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Three Key Executive Appointments Announced at FDIC:
Appointees will serve in Division of Supervision and Consumer Protection's Washington office

December 2, 2005
Media Contact:
David Barr (202) 898-6992 or

Three FDIC veterans were named to key executive posts within the agency's Division of Supervision and Consumer Protection (DSC), announced DSC Acting Director Christopher J. Spoth today. The appointments are: William A. Stark, Deputy Director, Strategic Planning and Resource Management; Lisa A. Arquette, Associate Director, Anti-Money Laundering and Financial Crimes; and Robert J. Mooney, Associate Director, Compliance Policy and Examination Support. All three will serve in the division's Washington, D.C., office and will assume their new posts on December 12, 2005.

"Bill, Lisa and Bob are valued members of the DSC team," said Spoth. "They bring a wealth of banking and supervisory experience to their new positions, along with proven leadership skills. I look forward to working with them in their new capacities."

William A. Stark – Deputy Director, Strategic Planning and Resource Management

William A. Stark, currently Associate Director of DSC's Capital Markets Branch, began his FDIC career in 1990 directing the development of the Capital Markets Branch. He was later responsible for policy development and examiner guidance on insured institutions' involvement with all securities matters and related risk areas, and the development of capital policy for FDIC-supervised banks. He worked closely with the Federal Financial Institutions Examination Council's (FFIEC) Supervision Task Force on developing policy guidelines, and has been directly involved in training bank examiners and industry representatives. He has also served on numerous Basel Committee on Banking Supervision subgroups.

Prior to joining the FDIC, Stark was Chief Financial Officer, Controller, and Treasurer of various financial institutions located in the United States.

Stark is a graduate of the University of Missouri, St. Louis, Missouri, with a degree in Business Administration.

Lisa D. Arquette – Associate Director, Anti-Money Laundering and Financial Crimes

Lisa D. Arquette, currently Chief of the FDIC's Anti-Money Laundering (AML) Section, joined the FDIC in 1990. During her career, she has served as a Safety and Soundness Examiner, Senior Capital Markets Specialist and Review Examiner. In her current position as Chief of the AML Section, she also represents the agency as a member of Treasury's Bank Secrecy Act (BSA) Advisory Group and the FFIEC's BSA/AML Working Group. She has been responsible for administering a nationwide program on the BSA/AML policies.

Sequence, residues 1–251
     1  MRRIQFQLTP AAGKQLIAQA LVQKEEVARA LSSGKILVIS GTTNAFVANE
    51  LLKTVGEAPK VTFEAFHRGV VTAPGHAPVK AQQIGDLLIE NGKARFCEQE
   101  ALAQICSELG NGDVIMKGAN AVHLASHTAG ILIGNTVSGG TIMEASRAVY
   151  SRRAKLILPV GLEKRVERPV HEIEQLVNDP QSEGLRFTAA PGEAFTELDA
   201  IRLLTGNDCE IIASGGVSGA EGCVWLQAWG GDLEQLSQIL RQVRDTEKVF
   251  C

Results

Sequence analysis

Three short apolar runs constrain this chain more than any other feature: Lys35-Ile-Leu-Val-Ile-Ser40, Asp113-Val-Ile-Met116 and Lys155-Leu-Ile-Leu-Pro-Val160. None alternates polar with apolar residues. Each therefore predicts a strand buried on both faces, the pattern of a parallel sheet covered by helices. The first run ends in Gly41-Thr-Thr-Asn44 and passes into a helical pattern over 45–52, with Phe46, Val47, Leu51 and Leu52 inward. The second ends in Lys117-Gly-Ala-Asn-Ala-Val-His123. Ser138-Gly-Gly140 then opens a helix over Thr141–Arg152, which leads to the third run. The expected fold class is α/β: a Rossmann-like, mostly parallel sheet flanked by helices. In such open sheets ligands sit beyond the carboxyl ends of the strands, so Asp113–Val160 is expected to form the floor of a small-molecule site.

Arquette has a master's degree in Business Administration from the University of Houston and a bachelor's degree in Criminal Justice from New Mexico State University. She also is a graduate of the Stonier Graduate School of Banking, Georgetown University, Washington, D.C., and is a Certified Anti-Money Laundering Specialist.

Robert J. Mooney – Associate Director, Compliance Policy and Examination Support

Robert J. Mooney, currently Chief of DSC's Policy Development Section, began his FDIC career in 1989. Positions he has held with the FDIC include Senior Fair Lending Specialist, Community Affairs Officer for the Chicago Region, and managing agent and chief executive of several thrifts under FDIC and Resolution Trust Corporation conservatorship. Mooney has represented the FDIC on several interagency Community Reinvestment Act and Compliance initiatives and authored the FDIC publication Side by Side, a Guide to Fair Lending.

Before joining the FDIC, Mooney had more than 10 years of senior management experience in banking, including Regional Vice President, and Director for Retail Banking of a multi-state financial institution; Director of Mergers and Acquisitions; and Vice President for Employee Relations. Mooney was active in civic affairs, serving on the board of directors and as President or Treasurer of several community development corporations and other organizations. The Massachusetts State Senate awarded him a commendation for his work in community development and equal opportunity.

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Congress created the Federal Deposit Insurance Corporation in 1933 to restore public confidence in the nation's banking system. The FDIC insures deposits at the nation's 8,854 banks and savings associations and it promotes the safety and soundness of these institutions by identifying, monitoring and addressing risks to which they are exposed. The FDIC receives no federal tax dollars — insured financial institutions fund its operations.

FDIC press releases and other information are available on the Internet at, by subscription electronically (go to and may also be obtained through the FDIC's Public Information Center (877-275-3342 or (703) 562-2200). PR-120-2005

Last Updated 12/02/2011

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